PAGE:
4111 — Excess Mortality at Veterans Health Administration Facilities During the COVID-19 Pandemic
Lead/Presenter: Kertu Tenso,
All Authors: Tenso K (Partnered Evidence-Based Policy Research Center, VA Boston Healthcare System; Boston University School of Public Health), Strombotne KL (Partnered Evidence-Based Policy Research Center, VA Boston Healthcare System; Boston University School of Public Health) Feyman Y (Partnered Evidence-Based Policy Research Center, VA Boston Healthcare System; Boston University School of Public Health) Auty SG (Boston University School of Public Health) Legler A (Partnered Evidence-Based Policy Research Center, VA Boston Healthcare System) Griffith KN (Partnered Evidence-Based Policy Research Center, VA Boston Healthcare System; Vanderbilt University Medical Center)
The COVID-19 pandemic has resulted in significant excess mortality among both the general U.S. population and at the Veterans Health Administration (VHA). However, these national estimates may mask important facility-level variation in excess mortality and its correlation with institutional characteristics. The objective of this research was to identify excess mortality among VHA-enrolled veterans during the pandemic for each medical center, and to correlate these estimates with facility characteristics and rates of COVID-19 cases and deaths within each facilityâ€™s catchment area.
We obtained data for 11.4 million unique veterans who were enrolled in the VHA and sought care during 2016-2020 using the VHAâ€™s Corporate Data Warehouse (CDW). We estimated a mortality risk prediction model using five-fold cross-validation and Poisson quasi-likelihood regression. Potential predictors of mortality included individual-level demographics, priority group (an eligibility determination which reflects disability related to military service or economic hardship), and major comorbidities. We then estimated excess mortality and observed versus expected (O/E) mortality ratios for veterans assigned to each VHA facility during March-December 2020. We graphed our findings and correlated these estimates with facility characteristics (number of hospital beds, percent rural enrollees, percent highest complexity, number of staff, capacity in clinic days, relative telehealth percent change) and rates of COVID-19 cases and deaths among the general population.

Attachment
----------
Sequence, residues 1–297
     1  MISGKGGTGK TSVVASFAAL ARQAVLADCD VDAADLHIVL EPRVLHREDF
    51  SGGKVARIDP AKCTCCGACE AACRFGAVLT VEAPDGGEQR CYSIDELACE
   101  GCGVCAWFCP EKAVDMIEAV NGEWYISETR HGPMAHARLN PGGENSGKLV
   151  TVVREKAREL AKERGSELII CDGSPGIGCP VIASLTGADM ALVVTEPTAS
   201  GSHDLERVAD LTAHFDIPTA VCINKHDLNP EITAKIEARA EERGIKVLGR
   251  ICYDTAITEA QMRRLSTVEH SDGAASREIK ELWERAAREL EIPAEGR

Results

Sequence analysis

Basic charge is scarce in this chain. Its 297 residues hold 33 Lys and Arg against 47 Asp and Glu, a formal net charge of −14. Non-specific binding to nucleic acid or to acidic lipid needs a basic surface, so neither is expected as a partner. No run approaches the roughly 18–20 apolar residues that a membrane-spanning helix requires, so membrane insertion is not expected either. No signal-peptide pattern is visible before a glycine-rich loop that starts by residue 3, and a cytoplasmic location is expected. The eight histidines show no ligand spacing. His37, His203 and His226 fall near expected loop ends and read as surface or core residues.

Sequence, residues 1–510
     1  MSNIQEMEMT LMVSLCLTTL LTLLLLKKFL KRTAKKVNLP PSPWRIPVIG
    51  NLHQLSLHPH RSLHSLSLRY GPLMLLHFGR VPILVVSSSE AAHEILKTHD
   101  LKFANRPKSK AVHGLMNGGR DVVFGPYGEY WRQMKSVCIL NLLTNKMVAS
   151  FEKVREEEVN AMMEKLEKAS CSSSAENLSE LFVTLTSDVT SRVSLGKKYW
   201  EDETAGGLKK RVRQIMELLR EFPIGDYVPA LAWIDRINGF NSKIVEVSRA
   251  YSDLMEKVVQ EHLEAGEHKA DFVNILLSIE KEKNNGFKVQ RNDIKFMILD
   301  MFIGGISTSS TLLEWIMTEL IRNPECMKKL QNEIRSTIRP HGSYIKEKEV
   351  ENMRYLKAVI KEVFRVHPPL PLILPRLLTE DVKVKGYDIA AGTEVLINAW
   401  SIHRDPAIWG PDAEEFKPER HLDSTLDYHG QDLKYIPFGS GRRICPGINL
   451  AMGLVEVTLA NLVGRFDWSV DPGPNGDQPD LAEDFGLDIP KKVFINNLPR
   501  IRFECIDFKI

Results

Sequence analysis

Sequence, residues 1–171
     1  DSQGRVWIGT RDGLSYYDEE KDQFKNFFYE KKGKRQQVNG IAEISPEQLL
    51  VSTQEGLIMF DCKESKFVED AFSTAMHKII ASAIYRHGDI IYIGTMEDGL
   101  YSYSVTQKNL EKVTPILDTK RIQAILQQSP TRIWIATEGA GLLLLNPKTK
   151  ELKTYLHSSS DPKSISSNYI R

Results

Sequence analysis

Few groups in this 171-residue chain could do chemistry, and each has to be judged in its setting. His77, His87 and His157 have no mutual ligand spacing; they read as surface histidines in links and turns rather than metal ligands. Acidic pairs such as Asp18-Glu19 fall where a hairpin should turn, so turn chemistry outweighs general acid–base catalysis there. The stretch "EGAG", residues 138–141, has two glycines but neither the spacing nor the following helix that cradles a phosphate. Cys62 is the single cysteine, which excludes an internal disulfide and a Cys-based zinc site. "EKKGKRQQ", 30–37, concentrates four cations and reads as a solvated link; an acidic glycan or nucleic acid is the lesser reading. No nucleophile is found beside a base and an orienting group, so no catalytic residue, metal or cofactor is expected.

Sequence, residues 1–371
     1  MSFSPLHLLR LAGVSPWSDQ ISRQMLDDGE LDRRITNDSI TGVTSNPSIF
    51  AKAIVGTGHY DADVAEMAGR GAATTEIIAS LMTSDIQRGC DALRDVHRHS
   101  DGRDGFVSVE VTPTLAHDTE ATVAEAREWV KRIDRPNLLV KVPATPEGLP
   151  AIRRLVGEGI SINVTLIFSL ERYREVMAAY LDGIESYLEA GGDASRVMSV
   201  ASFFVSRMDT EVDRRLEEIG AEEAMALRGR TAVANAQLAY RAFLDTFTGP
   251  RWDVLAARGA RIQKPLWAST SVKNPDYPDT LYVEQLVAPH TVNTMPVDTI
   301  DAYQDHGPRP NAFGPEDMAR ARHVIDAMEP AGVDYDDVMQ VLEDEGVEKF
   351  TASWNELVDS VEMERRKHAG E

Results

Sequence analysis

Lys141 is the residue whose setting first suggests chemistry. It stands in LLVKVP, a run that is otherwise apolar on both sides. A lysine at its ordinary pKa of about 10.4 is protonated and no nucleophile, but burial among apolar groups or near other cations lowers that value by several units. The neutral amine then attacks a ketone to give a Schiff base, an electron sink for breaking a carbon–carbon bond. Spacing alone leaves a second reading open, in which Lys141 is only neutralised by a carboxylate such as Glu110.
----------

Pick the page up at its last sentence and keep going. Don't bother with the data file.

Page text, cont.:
VHA-enrolled Veterans experienced 52,038 excess deaths from all causes during March-December 2020, equating to a 16.8% excess all-cause mortality rate. However, there was substantial variation in facility-level excess mortality rates, with estimates ranging from -5.5% to +63.7%. Facilities in the lowest quartile for excess mortality experienced fewer COVID-19 deaths (0.7 vs. 1.51, p < 0.001) and cases (52.0 vs. 63.0, p = 0.002) per 1,000 population compared to facilities in the highest quartile. Compared to facilities in the lowest quartile of excess mortality, facilities in the highest quartile were more likely to have more beds (276.7 vs. 187.7, p = 0.02) and a higher percent change in the share of visits that were conducted via telehealth from 2019-2020 (183% vs 133%, p = 0.01).
There was wide variation in excess all-cause mortality across VHA facilities during the COVID-19 pandemic, which was only partially explained by the burden of COVID-19 illness within each facilityâ€™s catchment area. Facility-level excess mortality was associated with hospital bed size and a likely endogenous expansion of telehealth capacity, but was not associated with rurality, # of staff or clinic days, or patient complexity.
Our work provides valuable insights for performance management and institutional learning at the VHA.